After issuance of the rescript by the Appeals Court, the plaintiff moved in the Superior Court for an order requiring the town to pay prejudgment and postjudgment interest. [Note 4], [Note 5] The judge stated that "[i]n the absence of statutory authority, the [p]laintiff is not entitled to prejudgment [or] postjudgment interest," and denied the plaintiff's motion. [Note 6] The Appeals Court reversed, concluding that, although payment of interest is not expressly provided by G. L. c. 41, § 111F, the statute effected a waiver of sovereign immunity for payment of interest because "the necessary implication of the statutory scheme requires prejudgment and postjudgment interest payments against the government employer." Todino v. Wellfleet, 66 Mass. App. Ct. 143 , 148 (2006). We granted further appellate review.
2. Discussion. If a police officer is incapacitated in the performance of official duties, without fault of her own, G. L. c. 41, § 111F, directs that certain governmental employers (cities, towns, and fire or water districts) continue the officer's compensation "without loss of pay." The statute requires that
the compensation be paid "at the same times and in the same manner as . . . regular compensation." [Note 7]
The purpose of § 111F is to prevent any deprivation of pay, either in time or value, during the period of an officer's incapacity. The provision reflects an intention that an incapacitated officer receive leave "without loss" of ordinary compensation. Id. It states unequivocally that incapacity pay be treated as, and dispersed in the manner of, regular employment compensation. Jones v. Wayland, 374 Mass. 249 , 260 (1978), S.C., 380 Mass. 110 (1980). It thereby acknowledges expressly the special importance of timely compensation during periods of incapacity. The wording of the statute clearly expresses an intent to protect injured officers fully from all reductions in the worth of their compensation, including by temporary loss of use of funds.
Our view finds support in the legislative history on the subject. The Legislature has gradually removed certain inequities in the system of assistance for injured officers. "[P]olice officers (and fire fighters) confront daily risks which most working people ordinarily do not encounter," Eyssi v. Lawrence, 416 Mass. 194 , 200 (1993); but, at one time, financial assistance for injured officers was entirely discretionary. See St. 1888, c. 379. Since then, the legislative trend has been toward improved assistance to injured officers. In 1927, the Legislature specifically authorized payments for "loss of pay by reason of absence from duty . . . because of temporary incapacity caused by injury suffered through no fault of [the officer's] own while in the actual performance of duty." St. 1927, c. 157. Incapacitated part-time "special police officers" later became entitled to full-time pay. See St. 1952, c. 431, § 2. Discretionary back pay was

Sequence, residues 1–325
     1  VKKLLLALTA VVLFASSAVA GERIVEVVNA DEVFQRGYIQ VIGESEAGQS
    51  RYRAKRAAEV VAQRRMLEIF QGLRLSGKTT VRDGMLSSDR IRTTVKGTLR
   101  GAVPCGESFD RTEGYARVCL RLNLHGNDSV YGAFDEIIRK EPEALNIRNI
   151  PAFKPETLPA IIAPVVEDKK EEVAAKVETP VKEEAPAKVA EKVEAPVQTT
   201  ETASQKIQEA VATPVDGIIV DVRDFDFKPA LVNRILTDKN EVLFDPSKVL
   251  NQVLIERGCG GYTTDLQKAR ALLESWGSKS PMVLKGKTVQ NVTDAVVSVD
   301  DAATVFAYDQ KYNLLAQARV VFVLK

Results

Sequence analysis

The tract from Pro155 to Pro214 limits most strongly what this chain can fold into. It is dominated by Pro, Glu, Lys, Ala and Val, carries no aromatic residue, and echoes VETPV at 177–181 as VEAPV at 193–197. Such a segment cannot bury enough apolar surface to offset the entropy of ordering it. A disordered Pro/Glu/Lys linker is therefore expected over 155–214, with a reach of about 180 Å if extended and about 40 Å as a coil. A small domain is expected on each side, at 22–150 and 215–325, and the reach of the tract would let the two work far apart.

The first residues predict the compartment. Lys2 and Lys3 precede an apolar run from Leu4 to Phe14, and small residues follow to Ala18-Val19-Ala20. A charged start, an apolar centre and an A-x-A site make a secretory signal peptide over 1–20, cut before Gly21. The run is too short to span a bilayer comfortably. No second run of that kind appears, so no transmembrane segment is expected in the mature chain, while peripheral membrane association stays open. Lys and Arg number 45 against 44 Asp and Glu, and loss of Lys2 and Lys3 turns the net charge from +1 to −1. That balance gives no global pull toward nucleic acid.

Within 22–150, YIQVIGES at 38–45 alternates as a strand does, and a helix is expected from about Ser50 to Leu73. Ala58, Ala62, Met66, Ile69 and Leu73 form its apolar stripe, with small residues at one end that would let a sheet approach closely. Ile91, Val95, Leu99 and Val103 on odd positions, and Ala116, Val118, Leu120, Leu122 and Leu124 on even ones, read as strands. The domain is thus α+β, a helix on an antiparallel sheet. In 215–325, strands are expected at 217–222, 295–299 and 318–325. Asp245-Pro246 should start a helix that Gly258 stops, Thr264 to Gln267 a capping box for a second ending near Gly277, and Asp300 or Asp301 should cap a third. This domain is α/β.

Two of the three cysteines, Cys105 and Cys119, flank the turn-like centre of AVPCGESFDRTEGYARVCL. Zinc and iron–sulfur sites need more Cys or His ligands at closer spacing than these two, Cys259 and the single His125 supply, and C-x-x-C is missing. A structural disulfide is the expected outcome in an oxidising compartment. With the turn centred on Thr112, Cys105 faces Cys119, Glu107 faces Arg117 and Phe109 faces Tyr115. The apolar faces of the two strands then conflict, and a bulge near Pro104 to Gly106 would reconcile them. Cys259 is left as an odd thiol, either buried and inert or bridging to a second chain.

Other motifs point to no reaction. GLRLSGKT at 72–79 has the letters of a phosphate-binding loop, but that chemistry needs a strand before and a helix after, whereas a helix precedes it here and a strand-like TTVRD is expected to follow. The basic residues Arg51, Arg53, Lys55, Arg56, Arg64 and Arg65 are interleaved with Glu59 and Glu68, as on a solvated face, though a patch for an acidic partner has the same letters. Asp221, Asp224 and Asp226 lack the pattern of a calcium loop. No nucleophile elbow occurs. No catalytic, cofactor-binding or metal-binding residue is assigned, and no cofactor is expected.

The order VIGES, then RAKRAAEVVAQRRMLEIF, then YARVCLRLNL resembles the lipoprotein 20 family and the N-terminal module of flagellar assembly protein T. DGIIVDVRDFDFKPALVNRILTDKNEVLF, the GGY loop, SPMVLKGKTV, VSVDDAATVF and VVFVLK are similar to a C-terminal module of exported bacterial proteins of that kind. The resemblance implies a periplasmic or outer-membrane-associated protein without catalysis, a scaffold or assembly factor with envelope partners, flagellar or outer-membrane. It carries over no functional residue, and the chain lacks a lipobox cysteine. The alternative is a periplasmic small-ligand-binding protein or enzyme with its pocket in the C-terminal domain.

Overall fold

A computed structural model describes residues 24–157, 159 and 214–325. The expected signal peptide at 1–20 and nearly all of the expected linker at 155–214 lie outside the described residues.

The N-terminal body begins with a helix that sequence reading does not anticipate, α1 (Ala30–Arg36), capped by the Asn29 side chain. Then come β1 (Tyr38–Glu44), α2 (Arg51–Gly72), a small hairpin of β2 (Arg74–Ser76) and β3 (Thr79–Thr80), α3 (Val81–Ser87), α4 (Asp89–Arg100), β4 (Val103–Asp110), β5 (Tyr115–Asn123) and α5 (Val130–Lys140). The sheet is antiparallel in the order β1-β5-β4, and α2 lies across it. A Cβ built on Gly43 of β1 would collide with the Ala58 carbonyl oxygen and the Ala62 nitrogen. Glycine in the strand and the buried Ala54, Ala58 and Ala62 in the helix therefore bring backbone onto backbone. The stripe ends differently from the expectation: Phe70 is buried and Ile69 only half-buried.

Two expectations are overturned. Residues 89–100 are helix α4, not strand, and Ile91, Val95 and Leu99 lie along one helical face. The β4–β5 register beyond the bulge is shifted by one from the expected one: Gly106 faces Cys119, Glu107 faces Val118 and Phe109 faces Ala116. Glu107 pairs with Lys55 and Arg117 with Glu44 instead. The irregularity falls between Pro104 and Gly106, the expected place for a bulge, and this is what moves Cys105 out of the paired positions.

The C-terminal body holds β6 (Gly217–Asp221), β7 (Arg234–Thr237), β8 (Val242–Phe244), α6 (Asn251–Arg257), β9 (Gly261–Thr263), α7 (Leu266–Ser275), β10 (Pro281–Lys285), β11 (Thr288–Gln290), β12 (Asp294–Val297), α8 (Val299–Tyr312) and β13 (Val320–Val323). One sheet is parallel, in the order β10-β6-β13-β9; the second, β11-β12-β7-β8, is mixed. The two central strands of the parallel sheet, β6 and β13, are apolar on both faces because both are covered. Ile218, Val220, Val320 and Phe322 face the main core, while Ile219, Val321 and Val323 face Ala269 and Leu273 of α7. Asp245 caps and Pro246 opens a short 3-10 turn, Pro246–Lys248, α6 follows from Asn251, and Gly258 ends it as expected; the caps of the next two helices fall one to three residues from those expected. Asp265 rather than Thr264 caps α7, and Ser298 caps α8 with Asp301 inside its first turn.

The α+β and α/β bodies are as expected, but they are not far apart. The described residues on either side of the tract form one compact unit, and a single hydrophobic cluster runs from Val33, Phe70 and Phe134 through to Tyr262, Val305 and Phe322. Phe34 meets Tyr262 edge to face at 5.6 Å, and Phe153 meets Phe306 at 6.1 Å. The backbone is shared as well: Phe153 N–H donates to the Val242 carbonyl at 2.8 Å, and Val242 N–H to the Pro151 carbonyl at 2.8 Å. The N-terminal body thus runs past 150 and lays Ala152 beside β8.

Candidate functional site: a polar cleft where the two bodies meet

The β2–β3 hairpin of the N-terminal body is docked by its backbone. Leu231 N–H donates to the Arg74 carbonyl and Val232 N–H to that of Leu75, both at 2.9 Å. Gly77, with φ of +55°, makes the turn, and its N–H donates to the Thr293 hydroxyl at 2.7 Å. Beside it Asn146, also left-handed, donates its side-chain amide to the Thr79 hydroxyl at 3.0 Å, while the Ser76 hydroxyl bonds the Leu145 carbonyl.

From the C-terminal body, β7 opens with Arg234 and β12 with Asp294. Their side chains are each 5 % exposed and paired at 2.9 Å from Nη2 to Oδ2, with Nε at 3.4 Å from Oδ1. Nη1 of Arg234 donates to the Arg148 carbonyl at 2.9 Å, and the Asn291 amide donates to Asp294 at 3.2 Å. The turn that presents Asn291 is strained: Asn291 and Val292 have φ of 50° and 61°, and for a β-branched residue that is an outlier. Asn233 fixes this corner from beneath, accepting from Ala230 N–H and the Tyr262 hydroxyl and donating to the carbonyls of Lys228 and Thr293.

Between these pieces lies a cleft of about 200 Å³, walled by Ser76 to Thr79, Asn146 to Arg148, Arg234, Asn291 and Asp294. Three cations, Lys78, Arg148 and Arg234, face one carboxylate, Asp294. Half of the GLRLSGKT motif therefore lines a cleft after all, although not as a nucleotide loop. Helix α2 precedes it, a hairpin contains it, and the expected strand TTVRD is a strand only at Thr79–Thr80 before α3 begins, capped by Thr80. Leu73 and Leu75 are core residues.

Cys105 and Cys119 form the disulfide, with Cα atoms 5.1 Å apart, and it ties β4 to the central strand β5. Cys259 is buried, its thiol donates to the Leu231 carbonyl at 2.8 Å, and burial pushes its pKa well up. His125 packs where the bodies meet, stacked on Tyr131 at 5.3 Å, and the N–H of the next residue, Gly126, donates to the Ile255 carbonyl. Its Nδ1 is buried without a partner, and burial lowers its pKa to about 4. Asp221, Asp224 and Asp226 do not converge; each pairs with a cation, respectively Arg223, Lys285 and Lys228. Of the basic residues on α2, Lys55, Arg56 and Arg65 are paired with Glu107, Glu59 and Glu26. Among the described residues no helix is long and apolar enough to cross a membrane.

converted to mandatory leave "without loss of pay" by the promulgation of G. L. c. 41, § 111F. See St. 1952, c. 419.
Municipal liability implicates the doctrine of sovereign immunity, which protects the public treasury from unanticipated money judgments. See New Hampshire Ins. Guar. Ass'n v. Markem Corp., 424 Mass. 344 , 351 (1997). Sovereign immunity prohibits liability against the "Commonwealth [and] . . . its instrumentalities . . . 'except with [the Commonwealth's] consent, and, when that consent is granted . . . only in the manner and to the extent expressed . . . [by] statute.' " DeRoche v. Massachusetts Comm'n Against Discrimination, 447 Mass. 1 , 12 (2006), quoting General Elec. Co. v. Commonwealth, 329 Mass. 661 , 664 (1953). "[T]he 'rules of construction governing statutory waivers of sovereign immunity are stringent.' " DeRoche v. Massachusetts Comm'n Against Discrimination, supra, quoting C & M Constr. Co. v. Commonwealth, 396 Mass. 390 , 392 (1985).
But even a strict interpretation must be reasonable, 3 N.J. Singer, Sutherland Statutory Construction § 58:2, at 90 (6th ed. 2001), and our focus remains on the intent of the Legislature. DeRoche v. Massachusetts Comm'n Against Discrimination, supra at 12-13. If sovereign immunity is not waived expressly by statute, see Bain v. Springfield, 424 Mass. 758 , 763 (1997), we consider whether governmental liability is necessary to effectuate the legislative purpose. Bates v. Director of Office of Campaign & Political Fin., 436 Mass. 144 , 173-174 (2002). Where, as here, the Legislature provides expressly that payments shall be made by a municipality or district, waiver of sovereign immunity as to those elements is obvious. Otherwise, the statute would be ineffective, and "[w]e will not impute [to the Legislature] . . . an 'intention to pass an ineffective statute.' " Id., quoting Boston Elevated Ry. Co. v. Commonwealth, 310 Mass. 528 , 548 (1942).